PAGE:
The quake, which struck at sea 60 kilometers (38 miles) west of Milford Sound on South Island's west coast at 1:29 a.m. local time Tuesday (1229 GMT Monday), was some 24 kilometers (15 miles) beneath the surface, New Zealand geological agency, GNS Science reported on its Web site.
The Pacific Tsunami Warning Center in Hawaii issued an information bulletin stating that it did not expect a destructive tsunami to be generated by the quake.
Police senior sergeant Bruce Ross in the southern city of Dunedin said, "We felt it (here), but there are no reports of injury or damage."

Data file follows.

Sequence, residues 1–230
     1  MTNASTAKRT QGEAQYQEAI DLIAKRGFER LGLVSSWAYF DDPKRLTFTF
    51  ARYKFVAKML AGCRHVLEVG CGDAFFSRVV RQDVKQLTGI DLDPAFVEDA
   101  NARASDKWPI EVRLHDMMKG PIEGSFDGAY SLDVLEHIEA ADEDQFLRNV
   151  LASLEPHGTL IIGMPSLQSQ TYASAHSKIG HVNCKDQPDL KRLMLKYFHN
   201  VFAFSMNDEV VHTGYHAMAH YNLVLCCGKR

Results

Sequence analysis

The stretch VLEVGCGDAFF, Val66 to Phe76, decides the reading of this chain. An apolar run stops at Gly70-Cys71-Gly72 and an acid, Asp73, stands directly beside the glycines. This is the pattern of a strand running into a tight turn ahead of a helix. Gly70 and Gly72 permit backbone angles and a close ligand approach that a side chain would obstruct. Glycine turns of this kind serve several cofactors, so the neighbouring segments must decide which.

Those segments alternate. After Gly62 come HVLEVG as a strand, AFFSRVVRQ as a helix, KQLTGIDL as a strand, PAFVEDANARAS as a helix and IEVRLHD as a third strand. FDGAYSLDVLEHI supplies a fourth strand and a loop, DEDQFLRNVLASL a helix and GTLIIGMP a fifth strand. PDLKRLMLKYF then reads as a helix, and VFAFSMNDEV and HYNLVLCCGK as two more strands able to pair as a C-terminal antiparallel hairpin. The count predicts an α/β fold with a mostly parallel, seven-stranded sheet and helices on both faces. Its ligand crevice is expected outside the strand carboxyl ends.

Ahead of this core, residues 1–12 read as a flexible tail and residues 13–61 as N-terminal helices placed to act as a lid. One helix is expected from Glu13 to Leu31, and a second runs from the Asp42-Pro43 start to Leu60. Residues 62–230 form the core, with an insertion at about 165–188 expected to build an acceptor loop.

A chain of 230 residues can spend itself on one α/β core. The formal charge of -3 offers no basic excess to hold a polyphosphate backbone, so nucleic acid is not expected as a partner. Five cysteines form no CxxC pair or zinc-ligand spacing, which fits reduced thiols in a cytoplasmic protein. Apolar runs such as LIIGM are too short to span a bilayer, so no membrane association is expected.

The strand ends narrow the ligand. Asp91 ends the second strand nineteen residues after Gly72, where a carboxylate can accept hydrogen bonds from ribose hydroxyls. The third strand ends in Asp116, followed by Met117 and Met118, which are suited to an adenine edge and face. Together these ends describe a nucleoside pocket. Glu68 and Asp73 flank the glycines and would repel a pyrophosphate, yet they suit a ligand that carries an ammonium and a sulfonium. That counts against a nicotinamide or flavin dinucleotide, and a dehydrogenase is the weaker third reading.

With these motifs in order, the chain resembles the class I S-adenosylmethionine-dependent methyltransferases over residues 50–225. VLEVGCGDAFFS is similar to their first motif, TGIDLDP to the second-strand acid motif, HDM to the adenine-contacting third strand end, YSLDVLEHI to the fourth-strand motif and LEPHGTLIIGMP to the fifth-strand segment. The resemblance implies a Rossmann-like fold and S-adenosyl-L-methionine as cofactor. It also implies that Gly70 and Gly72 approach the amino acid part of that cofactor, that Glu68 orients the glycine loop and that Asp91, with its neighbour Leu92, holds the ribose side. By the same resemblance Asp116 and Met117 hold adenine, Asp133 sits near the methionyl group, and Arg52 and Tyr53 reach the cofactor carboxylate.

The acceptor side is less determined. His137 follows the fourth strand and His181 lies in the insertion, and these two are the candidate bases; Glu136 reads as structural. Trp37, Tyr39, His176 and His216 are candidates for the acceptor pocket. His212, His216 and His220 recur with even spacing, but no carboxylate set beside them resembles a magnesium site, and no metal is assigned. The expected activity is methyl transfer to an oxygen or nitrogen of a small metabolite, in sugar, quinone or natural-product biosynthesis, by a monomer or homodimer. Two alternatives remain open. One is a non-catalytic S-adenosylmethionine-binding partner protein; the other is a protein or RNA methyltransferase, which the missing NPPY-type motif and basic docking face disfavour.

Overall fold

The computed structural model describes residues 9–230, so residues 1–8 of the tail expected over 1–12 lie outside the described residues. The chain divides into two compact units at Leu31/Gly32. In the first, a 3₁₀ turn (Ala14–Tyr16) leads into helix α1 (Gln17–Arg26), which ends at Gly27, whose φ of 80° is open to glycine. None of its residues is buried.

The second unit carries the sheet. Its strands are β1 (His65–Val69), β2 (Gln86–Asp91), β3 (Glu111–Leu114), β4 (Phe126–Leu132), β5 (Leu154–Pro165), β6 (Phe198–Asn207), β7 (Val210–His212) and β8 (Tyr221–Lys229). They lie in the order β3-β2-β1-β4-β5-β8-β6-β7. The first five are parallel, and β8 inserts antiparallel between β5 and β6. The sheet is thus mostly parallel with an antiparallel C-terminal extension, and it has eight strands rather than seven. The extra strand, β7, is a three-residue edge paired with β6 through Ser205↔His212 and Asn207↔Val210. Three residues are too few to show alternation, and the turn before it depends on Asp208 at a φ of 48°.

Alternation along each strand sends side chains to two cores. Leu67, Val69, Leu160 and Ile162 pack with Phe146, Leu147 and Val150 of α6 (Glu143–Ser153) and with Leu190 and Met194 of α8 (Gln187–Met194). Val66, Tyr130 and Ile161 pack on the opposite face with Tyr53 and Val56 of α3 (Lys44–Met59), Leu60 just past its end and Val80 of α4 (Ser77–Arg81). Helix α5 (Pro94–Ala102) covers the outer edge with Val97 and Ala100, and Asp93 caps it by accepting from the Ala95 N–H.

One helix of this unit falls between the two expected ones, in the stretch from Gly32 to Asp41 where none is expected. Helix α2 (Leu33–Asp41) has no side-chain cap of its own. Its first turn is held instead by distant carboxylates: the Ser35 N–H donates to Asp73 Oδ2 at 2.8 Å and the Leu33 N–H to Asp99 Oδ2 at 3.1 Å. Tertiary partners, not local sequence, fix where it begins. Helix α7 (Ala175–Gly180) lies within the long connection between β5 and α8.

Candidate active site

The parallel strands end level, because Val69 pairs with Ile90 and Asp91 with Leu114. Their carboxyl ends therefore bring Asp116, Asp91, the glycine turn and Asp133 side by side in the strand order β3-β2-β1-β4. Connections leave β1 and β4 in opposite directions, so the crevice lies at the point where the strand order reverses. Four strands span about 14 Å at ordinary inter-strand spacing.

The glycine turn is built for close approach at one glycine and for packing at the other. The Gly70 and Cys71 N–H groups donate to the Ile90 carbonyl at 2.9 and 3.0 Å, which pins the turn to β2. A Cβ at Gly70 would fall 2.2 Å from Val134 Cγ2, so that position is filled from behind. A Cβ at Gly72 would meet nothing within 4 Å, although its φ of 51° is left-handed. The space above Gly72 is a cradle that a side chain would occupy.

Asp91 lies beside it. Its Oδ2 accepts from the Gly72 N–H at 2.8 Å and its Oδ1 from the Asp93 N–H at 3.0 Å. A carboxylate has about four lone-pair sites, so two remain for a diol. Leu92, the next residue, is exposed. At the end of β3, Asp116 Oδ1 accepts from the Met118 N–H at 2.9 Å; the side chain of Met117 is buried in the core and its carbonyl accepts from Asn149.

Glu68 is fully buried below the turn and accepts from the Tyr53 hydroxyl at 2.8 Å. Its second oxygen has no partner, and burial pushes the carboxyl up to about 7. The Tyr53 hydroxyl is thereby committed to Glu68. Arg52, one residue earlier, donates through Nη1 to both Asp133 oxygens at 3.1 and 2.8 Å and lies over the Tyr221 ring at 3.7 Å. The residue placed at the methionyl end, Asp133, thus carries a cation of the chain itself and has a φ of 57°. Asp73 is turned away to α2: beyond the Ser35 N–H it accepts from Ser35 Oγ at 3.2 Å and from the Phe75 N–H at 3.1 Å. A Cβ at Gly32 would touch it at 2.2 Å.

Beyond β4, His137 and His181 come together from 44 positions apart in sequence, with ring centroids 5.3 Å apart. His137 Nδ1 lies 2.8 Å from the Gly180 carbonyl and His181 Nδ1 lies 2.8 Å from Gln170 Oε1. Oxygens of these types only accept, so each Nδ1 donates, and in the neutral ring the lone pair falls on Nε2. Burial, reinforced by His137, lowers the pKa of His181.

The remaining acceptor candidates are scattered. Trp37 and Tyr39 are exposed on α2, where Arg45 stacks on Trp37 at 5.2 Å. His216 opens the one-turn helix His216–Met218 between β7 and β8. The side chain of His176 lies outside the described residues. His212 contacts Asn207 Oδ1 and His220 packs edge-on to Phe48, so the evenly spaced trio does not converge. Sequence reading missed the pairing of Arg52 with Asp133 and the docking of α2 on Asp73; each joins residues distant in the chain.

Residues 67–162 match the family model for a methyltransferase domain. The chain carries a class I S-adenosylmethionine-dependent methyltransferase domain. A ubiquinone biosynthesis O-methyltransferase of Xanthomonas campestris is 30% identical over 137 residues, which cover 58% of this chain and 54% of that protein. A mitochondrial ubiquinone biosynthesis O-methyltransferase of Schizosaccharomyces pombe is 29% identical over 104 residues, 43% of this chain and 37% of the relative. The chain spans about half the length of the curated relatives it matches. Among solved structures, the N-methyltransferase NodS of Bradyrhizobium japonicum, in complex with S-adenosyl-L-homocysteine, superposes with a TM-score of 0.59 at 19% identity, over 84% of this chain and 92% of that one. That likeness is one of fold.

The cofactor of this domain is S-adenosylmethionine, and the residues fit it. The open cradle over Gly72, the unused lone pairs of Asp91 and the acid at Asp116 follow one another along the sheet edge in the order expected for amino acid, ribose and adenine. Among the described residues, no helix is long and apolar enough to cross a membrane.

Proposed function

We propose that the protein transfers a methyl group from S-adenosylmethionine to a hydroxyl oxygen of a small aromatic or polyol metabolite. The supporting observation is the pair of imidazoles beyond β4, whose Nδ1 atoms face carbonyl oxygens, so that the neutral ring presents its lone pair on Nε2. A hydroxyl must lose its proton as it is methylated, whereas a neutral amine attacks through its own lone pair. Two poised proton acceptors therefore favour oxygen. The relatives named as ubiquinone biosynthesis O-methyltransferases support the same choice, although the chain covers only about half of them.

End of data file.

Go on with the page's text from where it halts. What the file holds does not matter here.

"We heard the blinds rattle a bit, but that was it," he added.
Inspector Alan Weston in the southern city of Christchurch said about 10 people had called shortly after the quake, but "we have no reports of damage or any injury," adding the sharp quake was "not felt in Christchurch."
New Zealand sits above an area of the earth's crust where two tectonic plates are colliding and records more than 14,000 earthquakes a year - but only about 150 are felt by residents. Fewer than 10 a year do any damage.
The choice of the city of Helsinki is not incidental as the capital of Finland had hosted US-Soviet negotiations on the limitation of nuclear stockpiles in 1969